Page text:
Fruitvale Station – (Late to the party)

Fruitvale station

 

One thing I love about film is that a story that needs to be told will always attract an audience.

Fruitvale Station, written and directed by Ryan Coogler is the story of Oscar Grant (Michael B. Jordan), a young man who became the victim of police malpractice on New Year’s day of 2009. I emphasise that this is the story of Oscar; not just the story flung over the news that fateful day and likely weeks and months thereafter.

After having watched the unwavering real-life smartphone footage recorded during Grant’s seizure by the police that the film opens with I was gripped by a crippling sense of dread. The footage slowly divulges from back and forth between officer and “criminal” then tails off into that chaotic chorus of screams, name-calling and panic which most would recognise as a precursor of uncontrollable actions and dire unnecessary consequences. This made the film seem so real, these situations genuinely scare me and had me willing for a circumstantially appropriate equivalent of a boxing referee to waltz in from stage left and break it all up.

The meat of the film introduces us to everything about Oscar Grant’s life. Oscar takes his daughter to school every morning and slips her a sugary treat unbeknownst to her mum (Sophina, Oscar’s girlfriend, expertly played by Melanie Diaz) like any quirky dad might. He then drops off his right-minded girlfriend at work and goes about the day’s errands like buying food and a birthday card for a family gathering. Whilst shopping and despite Sophina’s issues with his promiscuous, out-going personality he calls up his Grandma for a fried fish recipe to help a stranger out (after eyeing her up) and has a laugh about it with his friend who works at said shop; this is just Oscar’s personality.

Like all interesting characters, real or fictional, Oscar has problems too. He’d previously been jailed for selling drugs and now sadly after having lost his job because of his punctuality issues he feels forced into relapsing back to the trade for the sake of providing for his family. A particularly striking scene, a long shot of Oscar emptying a zip-lock bag of weed off a rocky peninsula into the ocean, was beautiful, thought-provoking and solemn all at once. The film asks us is it better to be financially comfortable dishonestly than struggle and barely get by? Oscar resists temptation (he decides to give away a morsel of left-over product than sell it) demonstrating his change into the man he wants to be; a change his better-half is also happy with ( 😉 ).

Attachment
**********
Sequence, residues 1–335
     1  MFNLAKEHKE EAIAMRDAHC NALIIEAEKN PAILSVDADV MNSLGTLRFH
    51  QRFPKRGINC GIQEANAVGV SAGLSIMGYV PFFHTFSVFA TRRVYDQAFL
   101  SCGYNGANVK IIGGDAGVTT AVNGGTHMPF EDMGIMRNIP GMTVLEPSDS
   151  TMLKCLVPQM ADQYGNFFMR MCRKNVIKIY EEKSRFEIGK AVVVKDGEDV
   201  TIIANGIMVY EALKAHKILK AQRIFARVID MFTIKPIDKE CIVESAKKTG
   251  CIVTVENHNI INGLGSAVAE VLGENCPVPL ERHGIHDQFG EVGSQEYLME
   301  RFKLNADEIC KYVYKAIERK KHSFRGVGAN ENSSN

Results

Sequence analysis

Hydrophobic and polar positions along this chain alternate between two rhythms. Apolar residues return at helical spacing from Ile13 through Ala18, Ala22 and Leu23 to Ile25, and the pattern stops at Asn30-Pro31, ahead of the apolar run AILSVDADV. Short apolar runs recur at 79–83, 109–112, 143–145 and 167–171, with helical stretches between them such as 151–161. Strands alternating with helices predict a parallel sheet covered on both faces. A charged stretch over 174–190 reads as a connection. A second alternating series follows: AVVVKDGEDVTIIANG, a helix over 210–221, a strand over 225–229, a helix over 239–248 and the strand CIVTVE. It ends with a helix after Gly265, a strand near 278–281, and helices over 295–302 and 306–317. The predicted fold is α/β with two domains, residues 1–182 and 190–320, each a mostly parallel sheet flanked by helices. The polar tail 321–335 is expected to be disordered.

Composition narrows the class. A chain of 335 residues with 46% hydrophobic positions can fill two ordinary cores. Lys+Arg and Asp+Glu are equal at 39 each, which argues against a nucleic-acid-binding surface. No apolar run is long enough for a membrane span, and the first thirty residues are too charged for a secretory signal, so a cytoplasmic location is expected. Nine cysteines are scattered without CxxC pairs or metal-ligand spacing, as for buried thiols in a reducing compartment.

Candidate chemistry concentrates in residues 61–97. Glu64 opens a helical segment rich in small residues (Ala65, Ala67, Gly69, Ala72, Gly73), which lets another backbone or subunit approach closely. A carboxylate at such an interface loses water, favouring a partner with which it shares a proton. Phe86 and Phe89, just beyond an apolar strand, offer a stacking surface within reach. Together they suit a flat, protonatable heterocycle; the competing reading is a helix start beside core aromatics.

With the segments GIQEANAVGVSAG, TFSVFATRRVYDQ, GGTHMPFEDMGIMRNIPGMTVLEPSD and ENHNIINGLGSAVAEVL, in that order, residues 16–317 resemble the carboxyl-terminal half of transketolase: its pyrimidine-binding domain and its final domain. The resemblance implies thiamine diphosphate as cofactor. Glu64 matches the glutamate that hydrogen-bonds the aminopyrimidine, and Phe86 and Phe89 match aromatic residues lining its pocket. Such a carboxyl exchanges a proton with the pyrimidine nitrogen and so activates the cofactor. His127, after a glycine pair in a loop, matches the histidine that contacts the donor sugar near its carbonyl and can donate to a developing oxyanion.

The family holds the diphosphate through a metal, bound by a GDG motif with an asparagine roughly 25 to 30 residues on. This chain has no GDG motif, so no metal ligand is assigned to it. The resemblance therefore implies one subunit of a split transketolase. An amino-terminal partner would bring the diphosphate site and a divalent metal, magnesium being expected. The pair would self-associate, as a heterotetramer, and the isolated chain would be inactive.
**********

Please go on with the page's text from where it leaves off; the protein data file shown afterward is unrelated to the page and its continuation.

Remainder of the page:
What happens afterwards is yours to see and will probably leave you scouring the internet for articles like it did for me. Films like Fruitvale Station make you briefly re-evaluate the way you consume your media. Every story be it a murder, a trial, a survival story, whatever, involves real cogitative people whose lives are condensed into mere minutes for our rapid digestion, not to mention the family and friends of the person/people in the spotlight. In this respect I feel I may have become a little desensitized to many events in recent years and should potentially work some more empathy into my life.

This film is a portal into the lives of a family, of friends and most importantly of the man who didn’t deserve the fate he was dealt; much like many others in America and around the world that suffer because of police brutality. Passionately acted and beautifully shot, Fruitvale Station tugs the heart strings just enough to subtly raise awareness of an important tragedy in the hopes of it never happening again and absolutely succeeds.

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